Roland Mouret presents Fashion Week ode to free, sensual women

French designer Roland Mouret launched his latest collection in London on Sunday, aligning with the #MeToo movement in a parade celebrating femininity, independence and sensuality.

In the subterranean concrete lobby of the National Theatre, the London-based designer hosted buyers, journalists, bloggers, fashionistas and other Fashion Week VIPs to highlight his 2018 autumn-winter collection. Models paraded between the ranks of guests following a labyrinthine route set to retro music. Velvet corduroy dresses were worn with transparent tops; soft ties appeared nonchalantly tied around the neck; and lace socks were paired with sandals. Mouret was eager to play with contrasts to explore concepts of femininity -- and his abiding mantra "...we all dress to undress". In red and black, in pale pink or midnight blue, his models subtly revealed garters and low-cut necklines. "Roland Mouret proves that there is practicality in femininity, and femininity is a woman's greatest power," read the collection's accompanying notes.

Roland Mouret presents Fashion Week ode to free, sensual women

Mouret told AFP he deliberately chose fabrics reminiscent of the 70s -- "still the highlight of women's liberation" -- for his latest designs as he incorporated the current climate into the collection.

Bow silhouette

Spanish fashion house Delpozo, a defector from New York Fashion Week, also highlighted its latest offerings on Sunday with a slow and romantic show in the cosy setting of London's Royal Institute of British Architects. The location was an hommage of sorts to creative director Josep Font's past life as an architect. For his 2018 autumn-winter collection, the Catalan drew inspiration from French cubist artist Ines Longevial. Font found the works "radiate a harmonious femininity in shape and colour" and sought to incorporate their "simple lines and curvy silhouettes with luminous hues" into his designs.

Pink provides the basis for the collection, while ivory, camel, canary yellow, chalk blue and navy blue feature too. Shorts are cut wide, skirts long, and the coats hang down to mid-thigh. Shirts are studded with polka dots, ankle boots are sequined and dresses feature floral patterns. Meanwhile the designer has styled two types of belts: an "iconic bow silhouette" and another more "organic and floral" offering inspired by lily pads. "Artisanship of leather at its most delicate expression," proclaims the collection's literature. (AFP)

A post shared by Delpozo (@delpozo) on

Photos: Roland Mouret / Catwalkpictures

Los Angeles - It seems Adidas will stop at nothing until it takes the top spot as the 'go-to' sportswear shoe brand. The iconic three-striped label recently rolled out an exclusive fashion, sports, and music event in downtown Los Angeles to gather both sports fans and street wear aficionados.

Adidas hosts the event 747 Warehouse St. over this past weekend for two days. The shoewear brand gave out tickets through a raffle format through email. A select few were able to attend the event and also have the chance to enter shoe raffles, engage in basketball all-star themed events, and also see musical artists such as Kanye West and Kid Cudi in concert. The event embodied a space bringing together innovative ingenuity centered on both sports and style.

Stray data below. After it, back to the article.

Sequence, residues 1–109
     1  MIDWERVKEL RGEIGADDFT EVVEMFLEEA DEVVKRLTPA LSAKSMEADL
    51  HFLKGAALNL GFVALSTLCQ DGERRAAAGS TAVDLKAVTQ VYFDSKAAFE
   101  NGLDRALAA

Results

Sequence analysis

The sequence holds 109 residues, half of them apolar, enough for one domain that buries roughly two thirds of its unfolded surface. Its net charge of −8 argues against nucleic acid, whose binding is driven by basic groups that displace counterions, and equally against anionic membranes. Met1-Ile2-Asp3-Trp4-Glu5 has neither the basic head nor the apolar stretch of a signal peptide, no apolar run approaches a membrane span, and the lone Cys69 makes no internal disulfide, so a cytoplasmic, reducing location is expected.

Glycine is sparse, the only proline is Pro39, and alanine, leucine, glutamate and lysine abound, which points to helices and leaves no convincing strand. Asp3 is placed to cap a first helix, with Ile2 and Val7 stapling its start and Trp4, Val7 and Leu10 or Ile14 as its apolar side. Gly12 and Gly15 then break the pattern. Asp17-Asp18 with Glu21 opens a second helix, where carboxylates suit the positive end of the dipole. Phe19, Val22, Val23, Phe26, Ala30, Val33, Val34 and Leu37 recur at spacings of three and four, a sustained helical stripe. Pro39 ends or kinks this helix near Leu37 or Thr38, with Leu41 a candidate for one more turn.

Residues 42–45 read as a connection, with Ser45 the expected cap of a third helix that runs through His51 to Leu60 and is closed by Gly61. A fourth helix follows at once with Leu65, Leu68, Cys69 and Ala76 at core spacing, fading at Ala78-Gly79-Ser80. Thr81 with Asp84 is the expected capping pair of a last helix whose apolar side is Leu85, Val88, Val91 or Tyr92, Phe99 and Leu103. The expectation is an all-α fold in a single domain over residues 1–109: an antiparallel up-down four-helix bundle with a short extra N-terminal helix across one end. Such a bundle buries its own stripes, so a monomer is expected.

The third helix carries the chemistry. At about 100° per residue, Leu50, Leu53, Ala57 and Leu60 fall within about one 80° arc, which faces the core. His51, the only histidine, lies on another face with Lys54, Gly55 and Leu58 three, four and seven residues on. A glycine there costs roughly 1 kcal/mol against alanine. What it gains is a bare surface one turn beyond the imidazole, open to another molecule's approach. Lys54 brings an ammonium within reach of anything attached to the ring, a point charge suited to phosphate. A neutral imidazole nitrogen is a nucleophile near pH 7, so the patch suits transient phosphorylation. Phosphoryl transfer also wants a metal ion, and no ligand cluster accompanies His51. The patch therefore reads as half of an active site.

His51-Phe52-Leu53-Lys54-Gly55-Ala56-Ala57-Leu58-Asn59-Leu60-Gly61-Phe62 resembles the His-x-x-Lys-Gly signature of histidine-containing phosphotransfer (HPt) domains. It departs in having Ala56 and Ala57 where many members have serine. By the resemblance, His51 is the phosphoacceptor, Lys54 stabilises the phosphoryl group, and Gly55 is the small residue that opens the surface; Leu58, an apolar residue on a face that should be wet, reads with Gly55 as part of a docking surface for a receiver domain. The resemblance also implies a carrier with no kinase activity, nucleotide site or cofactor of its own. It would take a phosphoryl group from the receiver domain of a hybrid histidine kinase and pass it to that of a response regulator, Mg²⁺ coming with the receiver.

A post shared by pacsun (@pacsun) on

The shoes that were raffled off included Futurecraft 4D, AM4747, AM4 London, AW Bball, Crazy BYW X, Crazy BYW, Dame 4 Bape, Harden Vol 2, and Y-3 BYW Bball. The shoes ranged from 150 to 420 dollars in price, according to the website. The shoes varied from stylish basketball shoes with a monochrome palette as well as camouflage patterns, vibrant prints, and more. For attendees that entered the shoe raffle, Adidas would text them which shoes they had the opportunity to buy that were available exclusively through the event.

Adidas host 747 Warehouse St event as a success in downtown Los Angeles

Various attendees were also able to participate in a "dunk challenge" cam, observe celebrity basketball games, and visit the warehouse full of exclusive merchandise. As the first event of its kind for Adidas, it seems that the brand has moved towards creating a different image for itself. By creating and promoting this event, the brand garnered a big response on social media with various attendees posting, tagging, and hash tagging the brand.

Adidas followed up with guests by commenting and liking their posts, showing a true engagement. A couple weeks ago, Adidas showed similar behavior with its video campaign. As the shoe brand continues to move forward and create a buzz, it'll be interesting to see how the label fares and grows against other popular shoe brands such as Nike.

E-commerce brand Vip.com just announced a new partnership with both London Fashion Week and the British Fashion Council.

The Chinese e-tailer is the first from its country to become an official sponsor of London Fashion Week. Vip.com will work with British brands to help them launch on the site and expand their markets. "The fashion market in China is extraordinarily sophisticated and fast paced, and hungry for new design talent," Jenny Jioe, Managing Director of Fashion at Vip.com, said in a statement. "Our consumer is aware of London's creative pedigree, and ready for both news and product. I know from first-hand experience that the brands in London, with all their energy and unbridled creativity, are precisely what we are looking for."